PostPosted: Apr Fri 29, 2011 2:35 am 
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Location: Bloomington, MN, 55425
A man with no clocks is either retired and single, or says "Yes, Dear" frequently.


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 Post subject:
PostPosted: Apr Fri 29, 2011 12:45 pm 
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Location: Raleigh NC USA
A man with any clocks better set 'em by WWV :wink:.

As for tube testers, a 1954 Weston 981 Type 3 tubechecker handles at least 75% of my tube testing requirements:

Image

I have a supplement chart for it that makes it current through 1956 types.

It won't handle a number of the older types (24A, 45 etc), but I supplement it with a Precision 612 that will handle most of the older types. For post-1956 tubes (including novars and compactrons), I use a B&K 707 Dynajet.

For "quick-and-dirty" or "triage" testing on an incoming batch of vintage used tubes, I have a Sico TW-11 emissions tester that is quick to set up and use.

All four of these were hamfest finds, two at RARSfest and two at Shelby, during the 80's and 90's.

:wink:

Larry

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 Post subject:
PostPosted: Apr Fri 29, 2011 7:56 pm 
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Location: Milford, PA
Larry,
I just looked at the manual, and yes, it the 981-3 does test 24a's and 45's. The only drawback for me is the universal socket for 4,5,6 and 7 pins. If it wears out you're screwed.
regards,

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 Post subject:
PostPosted: Apr Sat 30, 2011 8:05 am 
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Location: Yardley, Pennsylvania
For a quick test I use an Eico 667. For a more detailed test I use a Heathkit TT1-A. I haven't come across a tube I couldn't test between the two. I have a Precision 10-12 and an adapter for early tubes for the 667 but haven't used either in years since getting the TT1-A. I don't test early tubes often so not much of a bother to use the Heathkit. I never looked into how Eico did it but it tests VR tubes better than the Heathkit. I like test equipment but I don't see the need for myself to ever need any other tube testers. As you hear repeatedly mostly just looking for shorts and emissions Sometimes it can be a hair pulling but some times even if the tube checks good it just doesn't work in circuit.


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 Post subject:
PostPosted: May Sun 01, 2011 7:10 pm 
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Location: Sarasota, Florida
For snob appeal you gotta have a Hickok.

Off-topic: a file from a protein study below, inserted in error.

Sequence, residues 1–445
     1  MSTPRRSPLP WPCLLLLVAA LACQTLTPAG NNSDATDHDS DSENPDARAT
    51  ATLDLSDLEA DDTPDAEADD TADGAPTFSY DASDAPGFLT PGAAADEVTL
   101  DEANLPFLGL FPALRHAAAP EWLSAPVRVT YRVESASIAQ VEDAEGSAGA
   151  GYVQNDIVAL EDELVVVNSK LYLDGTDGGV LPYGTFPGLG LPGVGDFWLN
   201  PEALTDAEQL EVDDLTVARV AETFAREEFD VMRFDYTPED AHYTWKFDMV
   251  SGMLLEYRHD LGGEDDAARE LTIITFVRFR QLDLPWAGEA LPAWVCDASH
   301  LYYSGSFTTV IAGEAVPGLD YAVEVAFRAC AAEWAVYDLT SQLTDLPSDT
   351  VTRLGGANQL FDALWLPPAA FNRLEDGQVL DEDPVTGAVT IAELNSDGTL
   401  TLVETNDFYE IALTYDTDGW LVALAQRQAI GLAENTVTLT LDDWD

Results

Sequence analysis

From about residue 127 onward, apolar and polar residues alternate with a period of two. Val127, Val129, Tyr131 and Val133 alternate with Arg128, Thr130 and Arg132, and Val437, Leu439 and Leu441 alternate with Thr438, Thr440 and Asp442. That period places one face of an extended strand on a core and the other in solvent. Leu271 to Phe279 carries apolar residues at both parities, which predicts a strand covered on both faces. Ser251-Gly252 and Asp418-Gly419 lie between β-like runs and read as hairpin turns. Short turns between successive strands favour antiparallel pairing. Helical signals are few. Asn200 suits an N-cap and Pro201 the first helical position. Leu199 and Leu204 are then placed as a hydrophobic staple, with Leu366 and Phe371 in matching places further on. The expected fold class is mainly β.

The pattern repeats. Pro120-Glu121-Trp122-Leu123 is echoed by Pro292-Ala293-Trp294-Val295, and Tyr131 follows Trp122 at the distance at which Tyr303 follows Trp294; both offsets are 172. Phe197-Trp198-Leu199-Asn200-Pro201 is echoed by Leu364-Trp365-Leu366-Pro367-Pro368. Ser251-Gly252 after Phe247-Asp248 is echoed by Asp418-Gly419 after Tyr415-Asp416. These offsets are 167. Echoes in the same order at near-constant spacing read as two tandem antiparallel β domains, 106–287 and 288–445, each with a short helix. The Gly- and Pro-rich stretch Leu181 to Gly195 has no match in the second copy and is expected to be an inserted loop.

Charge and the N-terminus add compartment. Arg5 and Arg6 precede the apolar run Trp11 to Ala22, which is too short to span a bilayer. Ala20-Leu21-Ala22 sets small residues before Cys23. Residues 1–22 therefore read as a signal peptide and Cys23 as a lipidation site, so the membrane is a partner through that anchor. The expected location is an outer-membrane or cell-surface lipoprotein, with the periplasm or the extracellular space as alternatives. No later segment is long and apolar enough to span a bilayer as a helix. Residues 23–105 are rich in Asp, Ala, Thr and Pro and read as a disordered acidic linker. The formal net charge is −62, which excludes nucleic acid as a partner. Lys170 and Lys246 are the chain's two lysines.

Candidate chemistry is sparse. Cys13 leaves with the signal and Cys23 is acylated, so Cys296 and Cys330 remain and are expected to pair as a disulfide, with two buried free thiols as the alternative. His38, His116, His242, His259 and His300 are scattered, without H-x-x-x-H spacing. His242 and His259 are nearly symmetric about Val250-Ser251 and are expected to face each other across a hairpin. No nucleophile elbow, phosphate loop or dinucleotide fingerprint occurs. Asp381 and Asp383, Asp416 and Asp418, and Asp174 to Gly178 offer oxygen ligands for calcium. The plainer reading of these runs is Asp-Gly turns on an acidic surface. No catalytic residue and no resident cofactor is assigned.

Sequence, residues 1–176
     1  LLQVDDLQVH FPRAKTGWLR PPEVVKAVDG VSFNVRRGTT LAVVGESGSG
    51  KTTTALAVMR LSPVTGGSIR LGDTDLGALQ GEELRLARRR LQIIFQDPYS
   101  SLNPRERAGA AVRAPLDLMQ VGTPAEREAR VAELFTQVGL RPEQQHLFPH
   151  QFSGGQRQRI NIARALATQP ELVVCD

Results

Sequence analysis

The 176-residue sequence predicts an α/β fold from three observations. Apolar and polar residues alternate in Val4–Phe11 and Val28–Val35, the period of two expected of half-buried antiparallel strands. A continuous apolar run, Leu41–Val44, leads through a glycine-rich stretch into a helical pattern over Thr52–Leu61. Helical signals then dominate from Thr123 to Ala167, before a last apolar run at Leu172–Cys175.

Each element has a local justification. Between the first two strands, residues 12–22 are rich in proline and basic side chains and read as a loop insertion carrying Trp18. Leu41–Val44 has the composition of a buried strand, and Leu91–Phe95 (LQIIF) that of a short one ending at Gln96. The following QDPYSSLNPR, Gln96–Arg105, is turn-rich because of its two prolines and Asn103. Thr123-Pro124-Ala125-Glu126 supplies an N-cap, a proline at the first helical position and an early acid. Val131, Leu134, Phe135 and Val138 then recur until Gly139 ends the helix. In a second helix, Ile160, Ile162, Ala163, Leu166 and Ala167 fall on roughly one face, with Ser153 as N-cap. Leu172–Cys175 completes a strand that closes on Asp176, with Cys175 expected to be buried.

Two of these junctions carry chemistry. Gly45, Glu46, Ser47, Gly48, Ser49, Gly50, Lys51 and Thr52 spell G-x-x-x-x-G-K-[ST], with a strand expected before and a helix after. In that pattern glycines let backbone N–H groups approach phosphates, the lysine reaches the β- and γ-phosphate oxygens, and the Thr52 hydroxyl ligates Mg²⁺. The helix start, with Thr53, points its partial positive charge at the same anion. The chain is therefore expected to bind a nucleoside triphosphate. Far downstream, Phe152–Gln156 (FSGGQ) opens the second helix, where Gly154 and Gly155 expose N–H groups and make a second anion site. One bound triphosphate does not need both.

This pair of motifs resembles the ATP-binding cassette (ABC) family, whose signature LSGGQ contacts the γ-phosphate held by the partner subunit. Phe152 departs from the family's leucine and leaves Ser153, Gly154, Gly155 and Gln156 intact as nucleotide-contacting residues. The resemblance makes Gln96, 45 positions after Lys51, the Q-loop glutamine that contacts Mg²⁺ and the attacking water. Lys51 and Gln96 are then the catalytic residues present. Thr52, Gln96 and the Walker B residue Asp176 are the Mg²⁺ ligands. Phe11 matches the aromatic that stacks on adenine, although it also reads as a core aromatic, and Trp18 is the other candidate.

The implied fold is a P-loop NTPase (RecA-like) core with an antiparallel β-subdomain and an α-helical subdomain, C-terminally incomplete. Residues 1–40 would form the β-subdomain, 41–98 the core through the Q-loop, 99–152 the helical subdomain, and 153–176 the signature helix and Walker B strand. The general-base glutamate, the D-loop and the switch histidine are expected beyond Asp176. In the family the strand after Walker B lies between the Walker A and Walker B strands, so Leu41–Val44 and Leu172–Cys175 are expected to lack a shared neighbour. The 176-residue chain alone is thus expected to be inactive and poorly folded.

I've had two, a Precision 612 and a B&K 747B. The B&K is a very good tester, the biggest problem being it doesn't handle the older tubes. The Precision does, but is not a mutual conductance tester. But -- is this really needed on older types? Emissions testers certainly do a satisfactory job for most applications, especially AM radios. I've gotten along well with these two.

Then along came a Hickok -- a real, genuine Hickok. Just like Steve Martin when he saw his name in the phone book, "I'm SOMEBODY Now! Whoopee -- a nice clean Hickok 600A. It works, it measures micromhos, it's got the older tube sockets, and best of all it's a real HICKOK! Now I go around and tell all my friends with my nose in the air . . .

Fact remains, the Hickok IS a nice tester. It still doesn't test Compactrons, but when was the last time I tried to test a Compactron? I suppose if it ever happens, I've got the B&K to fall back on. The Precision? I use it for display; aside from that I no longer need it.

For anyone getting into the hobby, a good emissions tester can be had for little money. Heathkit had a good one, as did Eico. Knight, Philco, a number of others that test emissions will do just fine.

If you're getting serious, go for a mutual conductance tester -- or two. Hickok is good, but certainly not the only player on the field. I suggest two for two reasons -- first, I don't think you're going to find any model that handles both the old types and the newer Compactrons. Second, both can test the vast majority of them, and if you should encounter one that appears flaky for some reason (or if you have ten of the same type and they all test weak), you can always compare it with the findings of the other one and make your decision based on that.